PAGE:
The point that might have been lost earlier is that Sethe translated "fire-pan"
as being a light source.
  

So here we have a burning light source fueled by oil that was lit on the very
day that Osiris was said to have been born.  (what are the odds) This "fire
pan" was of immense importance to the builders proven by the fact that there
was a ceremony and feast when they got it out and another when they put it away
at a later date.  This light source burned under what the Gods created.  When
it burned under what the Gods created "workers" would rise to give an offering.  

This is not "generous interpretation".  This is the literal meaning of what the
pyramid builders actually said.  And these concepts have been passed down through
the ages it would seem.

Edited by cladking, 15 July 2010 - 04:13 PM.

Men fear the pyramid, time fears man.

#514    tri-lobe

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Posted 15 July 2010 - 04:45 PM

View PostOniomancer, on 08 July 2010 - 04:38 PM, said:

A functionally dish-like object serving a functional dish-like purpose? Naw, that's crazy talk.

        
Only if you promise to misunderstand and completely overreact again. I'm not into thrash though. I prefer easy listening.
Hello OM,
        It looks like my attempt at sarcasm failed...
        The official name of the TLB is THE ORNIMENTAL TRI-LOBE SCHIST BOWL...no practical use...Is that's whats inferred????..........
        Hence my comments about the doohicky serving a practicle function....
        In Emery's time untill?????.....it was the tri-lobe schist bowl...
        Now in modern times since ????? its becomes the ORNIMENTAL tri-lobe schist bowl.....Who decieded this???....Zahawi Harwass....
        
        I'm not trying prove a theory..write a book...or push an agender...
        I just tried to share my practicle expierances with a physical item....(that i made)a copy of something from long ago.....

        You did say to me....That if it quacks like a duck....Walks like a duck...Then it must be a duck......
        Is it fair for me to say...
        If it behaves like a water mover....performs like water mover...then it might be a water mover?????..
        Regards....
                   Tri-lobe..


#515    Swede

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Posted 17 July 2010 - 02:02 AM

View Posttri-lobe, on 15 July 2010 - 03:19 PM, said:

Hello Swede
           Thank you for your reply,....
           I understand your concerns in reguards to the..."a well qualified indervidual who may have mis-interpreted...many have done so"...
          
           I followed Emery's suggestion(I didn't think otherwise).......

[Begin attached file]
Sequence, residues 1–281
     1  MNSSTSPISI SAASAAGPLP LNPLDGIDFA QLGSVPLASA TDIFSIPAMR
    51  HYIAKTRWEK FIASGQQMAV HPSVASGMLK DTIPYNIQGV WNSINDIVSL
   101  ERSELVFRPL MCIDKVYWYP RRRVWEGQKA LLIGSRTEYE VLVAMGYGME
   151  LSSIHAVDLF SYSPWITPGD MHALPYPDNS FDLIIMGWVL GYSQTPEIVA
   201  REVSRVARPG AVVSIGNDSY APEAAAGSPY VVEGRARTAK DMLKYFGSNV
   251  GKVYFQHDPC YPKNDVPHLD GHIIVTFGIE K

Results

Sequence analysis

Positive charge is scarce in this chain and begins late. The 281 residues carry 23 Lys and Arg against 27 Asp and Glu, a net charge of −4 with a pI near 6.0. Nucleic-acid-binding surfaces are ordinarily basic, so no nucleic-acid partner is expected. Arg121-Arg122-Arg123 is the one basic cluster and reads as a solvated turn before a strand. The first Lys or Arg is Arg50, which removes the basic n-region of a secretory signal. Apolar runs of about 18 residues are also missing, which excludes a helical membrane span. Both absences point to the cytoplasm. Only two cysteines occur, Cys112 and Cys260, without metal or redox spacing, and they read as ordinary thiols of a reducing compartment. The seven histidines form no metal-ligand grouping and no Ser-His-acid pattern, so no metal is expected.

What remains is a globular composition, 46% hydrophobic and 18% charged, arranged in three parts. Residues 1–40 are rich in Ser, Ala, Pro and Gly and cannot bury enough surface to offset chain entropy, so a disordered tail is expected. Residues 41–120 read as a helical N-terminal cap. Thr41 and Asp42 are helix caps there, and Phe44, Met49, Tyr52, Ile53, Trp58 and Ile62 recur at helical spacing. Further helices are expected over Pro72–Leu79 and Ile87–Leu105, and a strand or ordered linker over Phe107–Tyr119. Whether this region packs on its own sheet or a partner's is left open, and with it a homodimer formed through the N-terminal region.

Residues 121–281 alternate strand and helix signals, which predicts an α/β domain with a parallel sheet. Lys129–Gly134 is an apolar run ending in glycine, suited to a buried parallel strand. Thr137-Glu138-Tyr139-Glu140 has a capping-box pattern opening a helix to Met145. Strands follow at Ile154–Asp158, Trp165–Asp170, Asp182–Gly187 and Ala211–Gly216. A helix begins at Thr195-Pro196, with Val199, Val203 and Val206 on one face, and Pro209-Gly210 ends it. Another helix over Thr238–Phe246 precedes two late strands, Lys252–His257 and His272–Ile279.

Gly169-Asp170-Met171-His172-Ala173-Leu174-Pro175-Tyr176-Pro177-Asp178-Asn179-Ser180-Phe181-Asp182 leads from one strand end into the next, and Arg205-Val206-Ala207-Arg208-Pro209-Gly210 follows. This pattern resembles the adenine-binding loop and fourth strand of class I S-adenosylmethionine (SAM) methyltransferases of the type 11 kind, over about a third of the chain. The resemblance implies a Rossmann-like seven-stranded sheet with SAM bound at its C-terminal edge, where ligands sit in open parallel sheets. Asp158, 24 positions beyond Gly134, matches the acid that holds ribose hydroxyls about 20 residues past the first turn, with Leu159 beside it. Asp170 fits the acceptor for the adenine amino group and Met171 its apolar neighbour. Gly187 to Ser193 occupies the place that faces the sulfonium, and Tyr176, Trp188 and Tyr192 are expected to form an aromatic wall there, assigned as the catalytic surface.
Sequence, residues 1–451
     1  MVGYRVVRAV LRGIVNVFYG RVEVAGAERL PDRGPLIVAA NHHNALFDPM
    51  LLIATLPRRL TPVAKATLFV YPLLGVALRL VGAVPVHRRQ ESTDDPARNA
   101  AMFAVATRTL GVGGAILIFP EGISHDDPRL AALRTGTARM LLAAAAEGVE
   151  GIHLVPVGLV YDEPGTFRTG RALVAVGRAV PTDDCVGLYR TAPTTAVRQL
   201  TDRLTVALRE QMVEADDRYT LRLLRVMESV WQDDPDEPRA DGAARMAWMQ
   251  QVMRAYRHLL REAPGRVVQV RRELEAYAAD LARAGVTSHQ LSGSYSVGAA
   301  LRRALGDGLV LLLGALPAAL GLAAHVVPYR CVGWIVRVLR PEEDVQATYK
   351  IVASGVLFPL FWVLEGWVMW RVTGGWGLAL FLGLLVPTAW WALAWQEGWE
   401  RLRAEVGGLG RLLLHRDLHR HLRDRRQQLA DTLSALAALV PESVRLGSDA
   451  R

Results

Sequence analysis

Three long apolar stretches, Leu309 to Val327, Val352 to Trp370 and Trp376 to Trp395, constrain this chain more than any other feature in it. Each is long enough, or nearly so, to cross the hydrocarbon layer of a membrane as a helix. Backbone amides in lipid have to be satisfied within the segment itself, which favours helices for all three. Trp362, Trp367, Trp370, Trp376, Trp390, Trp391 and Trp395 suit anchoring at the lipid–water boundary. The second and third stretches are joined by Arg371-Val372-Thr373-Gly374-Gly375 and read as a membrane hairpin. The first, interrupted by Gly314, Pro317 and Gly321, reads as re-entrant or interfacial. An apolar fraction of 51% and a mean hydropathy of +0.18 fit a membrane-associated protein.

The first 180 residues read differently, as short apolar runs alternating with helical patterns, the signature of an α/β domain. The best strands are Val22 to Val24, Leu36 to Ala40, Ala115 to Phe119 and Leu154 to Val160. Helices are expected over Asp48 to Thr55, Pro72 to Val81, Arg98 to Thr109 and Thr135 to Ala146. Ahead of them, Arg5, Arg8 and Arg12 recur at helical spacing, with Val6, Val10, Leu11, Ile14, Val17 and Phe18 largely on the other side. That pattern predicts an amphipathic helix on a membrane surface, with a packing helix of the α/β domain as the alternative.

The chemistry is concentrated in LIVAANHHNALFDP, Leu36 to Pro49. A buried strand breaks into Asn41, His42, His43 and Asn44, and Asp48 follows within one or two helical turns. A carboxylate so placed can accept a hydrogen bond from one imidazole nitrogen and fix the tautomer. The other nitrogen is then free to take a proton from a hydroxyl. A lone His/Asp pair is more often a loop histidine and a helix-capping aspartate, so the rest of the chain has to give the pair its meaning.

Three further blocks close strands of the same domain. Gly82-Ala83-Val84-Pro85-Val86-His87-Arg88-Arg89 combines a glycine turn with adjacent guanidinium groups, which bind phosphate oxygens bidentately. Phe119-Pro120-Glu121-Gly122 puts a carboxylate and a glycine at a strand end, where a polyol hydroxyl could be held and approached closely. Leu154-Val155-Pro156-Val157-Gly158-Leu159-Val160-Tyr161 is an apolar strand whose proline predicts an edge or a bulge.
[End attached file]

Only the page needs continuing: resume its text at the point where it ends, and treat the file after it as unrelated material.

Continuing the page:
If I'd worried about what if's!..What could be's!..Might be's...What should be's ..I would not have made my models....
      
           Where are the parrallels??.....
           Ther'er are no parrallels because it's unique...a one off...(many on this site would disagree)...thats ok...
           If it was a standard funeral item...there would be other examples....and there are not....
           If it was a standard ritural item...there  "     "   "      "    ...and there are not....
           If it was a standard item.........There would be many copies/replica's.........But there are none.....
           As I have said in my earlier posts.....I think(personal opinion)....That its unique.......

           Supportive apparati...and...more notably complex systems.......
           KTM-SESH suggested in his first post to me ...that the pedistal/support might have being stolen by grave robbers because it contianed gold or some other valuable material.....thats one reason....
           I have show'n to myself and friends that the tri-lobe bowl item will work at hand speeds..1 rev per sec..60rpm...low speed systems can operate with-out complex systems....eg..animal power........wind power.....to name a few...
          
           I look at the subject this way....Prince Sabu would have been an educated man....Why could he not have been educated in the ways and behaviours of water according to the knowledge of the time???.....even if it's different to our times...The item must have been important to Prince Sabu to have been buried with him....placed next to his coffin.....not around the walls with the mundane funeral items.....

           Swede...I made some models of an item.....I thought to share my personal experiences with said models...with photos.....all from my modern perspective....I know that i'm an unwashed FRINGEY.....But this fringey has gone one step beyond all other fringies on this subject....I made a working model(that anyone can do..I've shared my methods).....

            with regards
                       tri-lobe...

tri-lobe: Apologies for the slow reply. First, I do not personally consider you to be a "fringy". It would appear that you are a practical and talented individual who has taken the time and effort to more fully understand the nature of the artifact. As previously noted, I compliment your efforts and what can be learned from them.

I would suggest, however, that your own points support the current supposition that the artifact in question may have had a more ceremonial/religious function.

The current lack of parallels (particularly in other mediums), combined with its presence as a funerary item, may lead one to speculate that the artifact was not intended to be a sub-assemblage of a more elaborate mechanism.

I would speculate that you are aware of the wide array of non-mechanical items associated with burials across the planet. "One-offs" of spiritual/position significance would appear to be not at all uncommon.